PMCCPMCCPMCC

Search tips
Search criteria 

Advanced

 
Logo of ijadInternational Journal of Alzheimer's Disease
 
Int J Alzheimers Dis. 2010; 2010: 635053.
Published online 2010 September 27. doi:  10.4061/2010/635053
PMCID: PMC2948880

Standardization of Assay Procedures for Analysis of the CSF Biomarkers Amyloid β (1-42), Tau, and Phosphorylated Tau in Alzheimer's Disease: Report of an International Workshop

Abstract

Large variation in assay performance and outcomes of CSF Aβ1-42, total Tau (Tau), and phosphorylated Tau (pTau) (at amino acid 181) levels is observed between laboratories. The aim of this study was to assess the differences in assay procedures between several experienced international laboratories, as potential sources of error. 14 groups performed the Aβ42, Tau, and pTau assays according to the guidelines of the manufacturer. Differences in analytical procedures between the laboratories were monitored. At least 23 items in assay procedures were identified that varied between the laboratories, including procedures for washing, pipetting, incubation, finishing, and sample handing. In general, the inter- and intra-assay variation between the groups was generally below 10% for all three assays. We concluded that 17 international centers that use the same assays for Aβ42, Tau and pTau on a regular basis do not uniformly adhere to the procedures recommended by the manufacturer. For harmonization of intercenter results of these biomarkers standardization of protocols is highly needed.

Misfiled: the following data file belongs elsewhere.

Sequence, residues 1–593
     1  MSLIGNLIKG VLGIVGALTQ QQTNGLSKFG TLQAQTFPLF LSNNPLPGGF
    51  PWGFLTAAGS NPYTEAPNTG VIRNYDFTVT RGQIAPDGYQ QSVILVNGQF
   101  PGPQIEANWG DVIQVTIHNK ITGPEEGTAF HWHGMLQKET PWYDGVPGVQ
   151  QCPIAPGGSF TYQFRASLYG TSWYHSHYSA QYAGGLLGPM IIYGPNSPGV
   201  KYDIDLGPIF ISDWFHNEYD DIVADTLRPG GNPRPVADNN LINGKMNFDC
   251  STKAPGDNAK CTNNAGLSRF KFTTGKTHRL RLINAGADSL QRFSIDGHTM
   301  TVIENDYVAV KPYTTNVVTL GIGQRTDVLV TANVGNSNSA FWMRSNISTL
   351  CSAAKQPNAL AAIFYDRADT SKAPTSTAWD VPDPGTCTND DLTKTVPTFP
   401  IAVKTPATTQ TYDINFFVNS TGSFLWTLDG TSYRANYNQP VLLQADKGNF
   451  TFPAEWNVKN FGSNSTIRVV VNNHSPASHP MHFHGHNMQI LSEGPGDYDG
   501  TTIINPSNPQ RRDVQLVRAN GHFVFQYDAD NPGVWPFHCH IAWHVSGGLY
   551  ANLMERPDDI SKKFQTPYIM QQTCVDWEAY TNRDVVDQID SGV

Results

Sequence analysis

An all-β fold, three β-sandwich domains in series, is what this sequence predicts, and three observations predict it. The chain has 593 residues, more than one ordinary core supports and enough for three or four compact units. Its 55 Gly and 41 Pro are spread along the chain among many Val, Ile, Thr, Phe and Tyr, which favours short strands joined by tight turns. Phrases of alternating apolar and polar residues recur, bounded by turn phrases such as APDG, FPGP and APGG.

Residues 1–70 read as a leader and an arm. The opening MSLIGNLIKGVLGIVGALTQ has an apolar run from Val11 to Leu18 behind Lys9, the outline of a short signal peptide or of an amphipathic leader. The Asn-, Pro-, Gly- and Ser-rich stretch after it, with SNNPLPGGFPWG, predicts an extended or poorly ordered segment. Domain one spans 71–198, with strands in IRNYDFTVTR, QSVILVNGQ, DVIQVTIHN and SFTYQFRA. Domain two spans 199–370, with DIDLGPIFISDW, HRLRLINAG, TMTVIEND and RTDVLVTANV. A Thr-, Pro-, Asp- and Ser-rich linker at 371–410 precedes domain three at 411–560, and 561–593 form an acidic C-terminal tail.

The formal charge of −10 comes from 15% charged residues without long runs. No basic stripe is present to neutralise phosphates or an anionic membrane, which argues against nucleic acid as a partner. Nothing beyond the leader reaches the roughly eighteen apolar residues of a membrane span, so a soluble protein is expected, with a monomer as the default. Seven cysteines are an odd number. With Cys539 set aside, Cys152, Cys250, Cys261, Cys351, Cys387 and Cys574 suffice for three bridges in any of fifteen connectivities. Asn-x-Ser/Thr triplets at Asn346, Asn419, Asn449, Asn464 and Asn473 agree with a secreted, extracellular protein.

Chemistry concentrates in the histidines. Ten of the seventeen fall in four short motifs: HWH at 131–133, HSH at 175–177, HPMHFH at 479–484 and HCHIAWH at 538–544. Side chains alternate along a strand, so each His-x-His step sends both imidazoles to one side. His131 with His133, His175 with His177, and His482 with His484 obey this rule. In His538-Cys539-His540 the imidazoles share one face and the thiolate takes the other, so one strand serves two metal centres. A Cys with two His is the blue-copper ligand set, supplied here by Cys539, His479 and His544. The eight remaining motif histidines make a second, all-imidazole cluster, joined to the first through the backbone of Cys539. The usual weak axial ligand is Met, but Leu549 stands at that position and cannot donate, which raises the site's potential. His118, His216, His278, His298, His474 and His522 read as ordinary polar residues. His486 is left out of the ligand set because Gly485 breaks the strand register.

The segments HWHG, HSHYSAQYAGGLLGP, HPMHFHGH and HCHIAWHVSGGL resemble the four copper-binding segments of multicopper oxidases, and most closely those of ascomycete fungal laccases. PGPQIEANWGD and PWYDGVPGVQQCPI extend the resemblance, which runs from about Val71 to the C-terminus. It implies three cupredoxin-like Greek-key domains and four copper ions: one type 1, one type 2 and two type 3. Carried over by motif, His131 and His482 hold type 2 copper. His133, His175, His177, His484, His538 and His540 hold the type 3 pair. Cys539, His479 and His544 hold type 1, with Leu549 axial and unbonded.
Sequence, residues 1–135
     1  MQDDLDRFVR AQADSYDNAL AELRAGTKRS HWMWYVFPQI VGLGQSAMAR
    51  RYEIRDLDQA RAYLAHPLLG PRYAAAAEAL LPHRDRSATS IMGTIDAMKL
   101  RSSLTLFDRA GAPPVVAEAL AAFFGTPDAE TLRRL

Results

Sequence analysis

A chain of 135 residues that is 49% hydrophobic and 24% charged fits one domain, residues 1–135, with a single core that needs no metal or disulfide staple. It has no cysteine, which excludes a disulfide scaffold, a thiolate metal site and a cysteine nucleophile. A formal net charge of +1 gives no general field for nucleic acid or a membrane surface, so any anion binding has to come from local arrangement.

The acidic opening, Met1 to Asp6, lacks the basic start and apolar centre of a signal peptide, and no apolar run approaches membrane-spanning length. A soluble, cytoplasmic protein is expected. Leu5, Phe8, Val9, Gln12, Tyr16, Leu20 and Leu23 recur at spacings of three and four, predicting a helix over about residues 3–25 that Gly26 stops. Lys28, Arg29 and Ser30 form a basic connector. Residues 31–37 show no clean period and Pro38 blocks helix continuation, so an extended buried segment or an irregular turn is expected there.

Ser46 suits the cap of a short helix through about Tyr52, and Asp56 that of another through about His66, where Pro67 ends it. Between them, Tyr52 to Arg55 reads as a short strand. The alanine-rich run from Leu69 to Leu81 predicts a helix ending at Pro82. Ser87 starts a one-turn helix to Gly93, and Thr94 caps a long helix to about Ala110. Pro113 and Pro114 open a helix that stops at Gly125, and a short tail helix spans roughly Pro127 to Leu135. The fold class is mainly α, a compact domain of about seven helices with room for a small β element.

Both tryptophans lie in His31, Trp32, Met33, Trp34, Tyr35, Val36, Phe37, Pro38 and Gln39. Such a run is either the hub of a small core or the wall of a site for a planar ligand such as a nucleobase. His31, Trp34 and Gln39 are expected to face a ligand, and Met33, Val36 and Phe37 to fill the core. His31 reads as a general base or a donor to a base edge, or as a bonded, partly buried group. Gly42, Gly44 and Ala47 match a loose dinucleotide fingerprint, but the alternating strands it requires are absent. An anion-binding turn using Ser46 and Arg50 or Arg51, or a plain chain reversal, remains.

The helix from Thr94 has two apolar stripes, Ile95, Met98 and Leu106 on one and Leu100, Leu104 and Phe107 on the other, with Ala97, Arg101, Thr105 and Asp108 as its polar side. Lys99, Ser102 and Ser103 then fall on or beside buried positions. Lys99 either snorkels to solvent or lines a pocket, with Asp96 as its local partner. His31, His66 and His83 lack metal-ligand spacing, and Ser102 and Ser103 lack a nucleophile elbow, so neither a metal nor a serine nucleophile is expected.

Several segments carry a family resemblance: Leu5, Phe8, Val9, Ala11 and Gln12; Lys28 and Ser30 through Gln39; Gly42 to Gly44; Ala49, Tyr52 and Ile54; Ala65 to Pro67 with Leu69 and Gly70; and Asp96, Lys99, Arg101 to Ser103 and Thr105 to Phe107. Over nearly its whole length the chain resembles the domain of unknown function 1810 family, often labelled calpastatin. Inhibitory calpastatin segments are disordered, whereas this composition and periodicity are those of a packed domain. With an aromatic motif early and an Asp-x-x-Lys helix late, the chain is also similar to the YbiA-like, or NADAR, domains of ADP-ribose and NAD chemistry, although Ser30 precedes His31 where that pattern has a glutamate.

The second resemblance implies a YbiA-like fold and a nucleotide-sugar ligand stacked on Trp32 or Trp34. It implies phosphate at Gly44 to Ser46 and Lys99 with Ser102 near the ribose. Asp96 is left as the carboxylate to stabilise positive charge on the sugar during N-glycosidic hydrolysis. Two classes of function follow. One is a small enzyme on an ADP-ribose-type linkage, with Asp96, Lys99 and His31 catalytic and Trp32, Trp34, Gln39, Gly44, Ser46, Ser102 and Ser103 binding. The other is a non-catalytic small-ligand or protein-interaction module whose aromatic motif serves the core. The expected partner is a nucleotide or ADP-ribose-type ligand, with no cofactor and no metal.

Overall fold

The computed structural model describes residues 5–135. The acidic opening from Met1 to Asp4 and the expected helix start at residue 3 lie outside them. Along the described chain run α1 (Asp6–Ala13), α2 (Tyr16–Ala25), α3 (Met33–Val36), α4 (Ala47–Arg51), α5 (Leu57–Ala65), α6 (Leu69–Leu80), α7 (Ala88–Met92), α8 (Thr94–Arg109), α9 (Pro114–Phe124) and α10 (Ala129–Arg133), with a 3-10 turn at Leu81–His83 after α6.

1. Background

In the aging population the number of Alzheimer Disease (AD) patients is expected to increase [1]. However, the diagnostic accuracy of the clinical criteria is relatively low (sensitivity 80% and specificity of 70%) [2]). With this in mind, biological markers in body fluids are urgently needed to sustain diagnosis, as they are an objective tool and reflect ongoing processes. Biomarkers can aid not only in early diagnosis or in differential diagnosis but also in estimation of prognosis and, ideally, monitoring progression of this disease.